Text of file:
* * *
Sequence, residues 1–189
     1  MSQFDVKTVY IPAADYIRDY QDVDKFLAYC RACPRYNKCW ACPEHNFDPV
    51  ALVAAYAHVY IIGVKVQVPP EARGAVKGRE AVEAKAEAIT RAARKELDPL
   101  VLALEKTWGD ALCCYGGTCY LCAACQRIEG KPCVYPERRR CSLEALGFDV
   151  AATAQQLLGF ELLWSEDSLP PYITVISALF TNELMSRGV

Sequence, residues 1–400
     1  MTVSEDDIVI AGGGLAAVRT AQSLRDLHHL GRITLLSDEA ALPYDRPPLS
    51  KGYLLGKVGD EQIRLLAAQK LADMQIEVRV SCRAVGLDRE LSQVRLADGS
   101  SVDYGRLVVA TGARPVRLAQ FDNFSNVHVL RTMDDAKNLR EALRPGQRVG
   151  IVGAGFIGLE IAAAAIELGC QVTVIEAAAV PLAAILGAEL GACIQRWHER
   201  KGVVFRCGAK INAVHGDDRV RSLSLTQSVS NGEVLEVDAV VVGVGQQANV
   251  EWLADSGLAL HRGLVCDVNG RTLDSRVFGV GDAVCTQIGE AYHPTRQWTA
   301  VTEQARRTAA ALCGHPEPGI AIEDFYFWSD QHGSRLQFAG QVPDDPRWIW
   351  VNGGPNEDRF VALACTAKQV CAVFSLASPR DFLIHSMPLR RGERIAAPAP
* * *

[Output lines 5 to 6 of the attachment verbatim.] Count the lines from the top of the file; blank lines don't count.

   151  AATAQQLLGF ELLWSEDSLP PYITVISALF TNELMSRGV

Sequence, residues 1–400